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Dubrovnik then Northbound

Picking up the pace

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View 2007 on natewhd's travel map.

Well after a little relaxation in Brac, I realized that I would need to pick up the pace a bit I were to see the entire country in the remaining two weeks.
The bus trip from Split to Dubrovnik was even more incredible than the trip along the Amalfi coast in Italy. Almost the entire trip winds and curves around the rocks and cliffs that make up the Adriatic coastline of Croatia. From my window I couldnt see the road, and the shoulder must have been inches if anything at all. At one point there was road construction and they had created a new single lane for traffic to alternate passing. As the bus driver navigated this hairpin turn on an unpaved road I could see all of the rocks and gravel propelled from the bus tires and falling from the edge down into the ravine. Along the way I counted some 24 vechicles that had not been so lucky to navigate the difficult passes over some 200 km.
There are two places in the journey from Dubrovnik from Split where you have to cross through Bosnian territory. This would be my first taste of the tension between the people from seperate states of the former Yugoslavia. There was a definate sense of hostility between the Bosnian borbder control and the Croatian passengers on the bus. I would find out later that even though there are few problems between Bosnia and Croatia, there are hundreds of years of history between the two dating back long before Yugoslavia and the Homeland War.
Dubrovnik is famous worldwide as the walled city on the Adriatic. Three sides of the old town are bordered by the adriatic sea with only a drawbrdige entrance frm the land. The city has been written about in literature for hundreds of years, and is also rembered for the massive bombing at the hand of the Serbians during the Homeland war in December, 1991. There are still some remnants of the destruction in the form of walls in the process of resconstruction, and memorials of lost town jewels such as famous works of art, etc.. The houses and buildings mark the areas of the bombing by the distinctly different colored tile roofs on the areas they were hit. Other than that, the war is a memory that most Croatians want to forget, and when the topic arises its best to keep your opinions to yourself.
Unfortunately all of this attention has also attracted a wave of tourism. Even during the off season the streets are flooded by day with Cruisline stop overs, adnd tourist from all over the world. This caused the city to loose quite a bit of its appeal in my eyes. I did however, discover a great travellers bar full of backpackers and travellers from all over Europe and America. Met several great people, and enjoyed my fair share of the Dubrovnik nightlife experience.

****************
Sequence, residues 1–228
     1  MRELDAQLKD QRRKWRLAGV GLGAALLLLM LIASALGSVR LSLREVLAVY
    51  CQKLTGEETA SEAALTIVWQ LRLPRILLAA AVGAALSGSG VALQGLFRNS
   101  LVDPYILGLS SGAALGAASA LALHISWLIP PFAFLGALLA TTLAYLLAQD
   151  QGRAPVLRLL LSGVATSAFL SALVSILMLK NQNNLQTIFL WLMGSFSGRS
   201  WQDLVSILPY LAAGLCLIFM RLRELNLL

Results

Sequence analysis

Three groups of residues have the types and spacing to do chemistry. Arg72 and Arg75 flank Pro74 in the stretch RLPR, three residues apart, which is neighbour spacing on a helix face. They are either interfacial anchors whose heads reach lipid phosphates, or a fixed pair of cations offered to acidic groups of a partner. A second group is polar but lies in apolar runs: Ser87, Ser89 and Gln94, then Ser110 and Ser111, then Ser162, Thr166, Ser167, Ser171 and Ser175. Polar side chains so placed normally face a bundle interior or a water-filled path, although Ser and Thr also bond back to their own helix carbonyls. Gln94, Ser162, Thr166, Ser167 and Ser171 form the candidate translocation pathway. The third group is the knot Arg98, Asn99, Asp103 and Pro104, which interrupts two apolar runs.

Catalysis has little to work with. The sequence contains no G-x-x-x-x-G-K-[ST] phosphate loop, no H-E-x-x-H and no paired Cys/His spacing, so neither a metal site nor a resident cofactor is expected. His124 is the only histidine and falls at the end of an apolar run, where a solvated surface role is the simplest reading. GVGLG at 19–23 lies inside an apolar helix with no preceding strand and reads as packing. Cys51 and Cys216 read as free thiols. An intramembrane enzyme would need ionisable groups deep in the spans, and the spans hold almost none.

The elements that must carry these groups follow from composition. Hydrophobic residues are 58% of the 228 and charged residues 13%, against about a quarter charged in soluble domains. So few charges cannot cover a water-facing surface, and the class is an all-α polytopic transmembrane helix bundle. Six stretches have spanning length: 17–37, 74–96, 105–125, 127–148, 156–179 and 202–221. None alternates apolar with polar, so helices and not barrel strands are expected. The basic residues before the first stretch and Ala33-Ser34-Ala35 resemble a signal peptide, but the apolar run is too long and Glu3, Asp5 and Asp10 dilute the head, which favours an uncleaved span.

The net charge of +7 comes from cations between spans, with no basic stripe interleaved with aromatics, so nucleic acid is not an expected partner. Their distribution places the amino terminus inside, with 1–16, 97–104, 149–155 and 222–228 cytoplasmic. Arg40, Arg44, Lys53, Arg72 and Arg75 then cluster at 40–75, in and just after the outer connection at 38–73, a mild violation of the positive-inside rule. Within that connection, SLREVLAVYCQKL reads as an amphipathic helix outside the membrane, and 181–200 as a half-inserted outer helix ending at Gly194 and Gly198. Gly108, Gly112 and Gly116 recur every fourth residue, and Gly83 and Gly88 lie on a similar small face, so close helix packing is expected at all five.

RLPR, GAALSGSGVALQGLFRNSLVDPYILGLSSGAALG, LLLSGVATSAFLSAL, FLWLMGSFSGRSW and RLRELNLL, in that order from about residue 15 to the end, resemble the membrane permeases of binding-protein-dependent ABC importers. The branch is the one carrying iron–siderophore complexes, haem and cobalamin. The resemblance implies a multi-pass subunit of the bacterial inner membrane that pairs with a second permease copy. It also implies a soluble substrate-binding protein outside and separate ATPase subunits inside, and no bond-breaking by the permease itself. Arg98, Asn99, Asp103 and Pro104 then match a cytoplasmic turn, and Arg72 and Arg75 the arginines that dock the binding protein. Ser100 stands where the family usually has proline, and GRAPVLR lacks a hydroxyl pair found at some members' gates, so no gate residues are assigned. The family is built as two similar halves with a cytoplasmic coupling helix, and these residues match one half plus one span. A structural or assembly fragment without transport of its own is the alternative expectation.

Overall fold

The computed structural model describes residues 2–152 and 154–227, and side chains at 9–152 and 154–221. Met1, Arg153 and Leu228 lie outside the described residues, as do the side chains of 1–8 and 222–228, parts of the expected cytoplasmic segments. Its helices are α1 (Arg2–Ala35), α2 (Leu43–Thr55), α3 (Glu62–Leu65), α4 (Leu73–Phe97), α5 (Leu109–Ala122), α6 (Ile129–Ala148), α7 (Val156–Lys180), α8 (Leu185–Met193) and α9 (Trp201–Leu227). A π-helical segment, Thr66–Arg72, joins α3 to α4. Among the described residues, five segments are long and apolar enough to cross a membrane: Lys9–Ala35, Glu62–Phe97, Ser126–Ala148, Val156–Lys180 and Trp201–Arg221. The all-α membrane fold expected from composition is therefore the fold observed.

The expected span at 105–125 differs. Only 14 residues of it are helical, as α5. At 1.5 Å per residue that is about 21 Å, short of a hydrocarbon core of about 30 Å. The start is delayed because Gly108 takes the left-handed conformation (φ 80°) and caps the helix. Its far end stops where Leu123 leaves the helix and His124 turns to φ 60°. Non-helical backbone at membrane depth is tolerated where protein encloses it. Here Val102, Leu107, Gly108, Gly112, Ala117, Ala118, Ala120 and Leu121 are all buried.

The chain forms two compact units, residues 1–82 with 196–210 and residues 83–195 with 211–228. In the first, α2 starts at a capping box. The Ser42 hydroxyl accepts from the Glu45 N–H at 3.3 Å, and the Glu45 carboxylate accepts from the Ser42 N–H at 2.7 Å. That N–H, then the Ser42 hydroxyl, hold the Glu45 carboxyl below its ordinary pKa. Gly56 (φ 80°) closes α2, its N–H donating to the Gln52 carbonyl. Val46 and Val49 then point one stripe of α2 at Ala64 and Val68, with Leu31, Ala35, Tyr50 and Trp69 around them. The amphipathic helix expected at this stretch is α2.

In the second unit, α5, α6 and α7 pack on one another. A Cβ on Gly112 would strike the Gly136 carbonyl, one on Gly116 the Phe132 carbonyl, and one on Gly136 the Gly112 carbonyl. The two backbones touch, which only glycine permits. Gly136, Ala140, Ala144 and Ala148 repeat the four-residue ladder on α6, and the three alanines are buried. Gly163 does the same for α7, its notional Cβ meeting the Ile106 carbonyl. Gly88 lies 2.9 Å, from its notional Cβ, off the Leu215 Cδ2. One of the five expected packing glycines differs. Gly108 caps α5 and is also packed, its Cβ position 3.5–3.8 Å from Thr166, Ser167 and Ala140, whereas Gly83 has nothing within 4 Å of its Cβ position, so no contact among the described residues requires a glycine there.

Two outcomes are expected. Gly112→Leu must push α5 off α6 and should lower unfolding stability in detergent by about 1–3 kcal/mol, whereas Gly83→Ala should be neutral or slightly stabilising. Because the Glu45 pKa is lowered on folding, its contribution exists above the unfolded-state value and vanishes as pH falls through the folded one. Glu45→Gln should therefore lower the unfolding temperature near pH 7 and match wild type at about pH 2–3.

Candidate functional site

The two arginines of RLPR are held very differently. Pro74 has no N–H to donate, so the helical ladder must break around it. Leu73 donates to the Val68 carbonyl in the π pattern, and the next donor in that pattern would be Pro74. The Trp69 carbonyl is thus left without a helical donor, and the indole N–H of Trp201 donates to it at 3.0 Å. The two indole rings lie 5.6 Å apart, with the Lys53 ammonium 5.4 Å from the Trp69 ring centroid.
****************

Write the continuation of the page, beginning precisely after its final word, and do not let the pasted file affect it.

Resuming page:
After three days I decide to head north to Krka National Park which is located near a city called Šibenik. Famous for the Krka River Canyon and picturesque waterfalls, I decided it was time to start enjoying some of the inland territory as well.
I was equal parts impressed and disappointed by the National Park at Krka. The spectacular views of the falls and the rivers were spoiled a bit by the souvineer shops and cafe restaurants at every turn. I looked for opportunities to branch off on a trail or find some peace from the masses. I found a little trail leading over the side of a hill with a nice view of the more tranquill part of the river. Caught a nice break headed back to Šibenik and then on to Zadar.

Posted by natewhd 23:52 Archived in Croatia Comments (5)

Central and Southern Dalmatia

Croatias Pride and Joy

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View 2007 on natewhd's travel map.

First of all, Thank You to everyone who took the time to send me Happy Birthday wishes by email. It was quite a surprise to open my email today to so many e cards and emails.
so back to the boat from Italy to Split
There was something calming and satisfying about leavaing Italy in the late afternoon and arriving in Croatia in the morning. My original plans had been to travel down the Adriatic coast of Italy to Bari, then take the ferry to Dubrovnik. However, I became impatient with Italy and decided to make the early move from Ancona to Split. The best part was that I didnt know a thing about Split. So my expectations were zero.

The first thing that struck me when I arrived was the immense difference in hospitality between the Croatians and the Italians. I was greeted at the boat dock by several older Croatian women offering Sobe or Rooms at a reasonable price. (This would become a staple of my accomodation in Croatia) I chose one and followed her back to the family apartment where she showed me to my room. Afterwards her and her husband invited me to morning coffee, turkish cofee freshly prepared. It was only 8am but I was feeling good so I went for a shower and to explore the town. They wouldnt let me leave without taking a sip of Croatian plum brandy, a traditional sharing between Croatians and there guest. 8 am or not I had a few sips, bumbčled thrpough some rough conversation and went on my way.

The city center of Split is the old Diocletian Palcae that the Roman Emperor had contructed in 300AD. It was later used as a Roman Army fortress and later inbaited by the people of Salona when thay were forced to flee there city in the 7th century. This is ironic because the Salonians were persecuted by Diocletian himself who personally saw to the execution of the Martyr Domin and all of his followers. There are still Salonians living in the palace to this day. even though a UNESCO world heritage site, this palace is far from preserved. The locals fraternize bars and restaurants, stores and shops. There are lots of great pubs and night life throughout the palace. The whole time I just couldnt wrap my mind around having a few beers in a 1700 year old palace.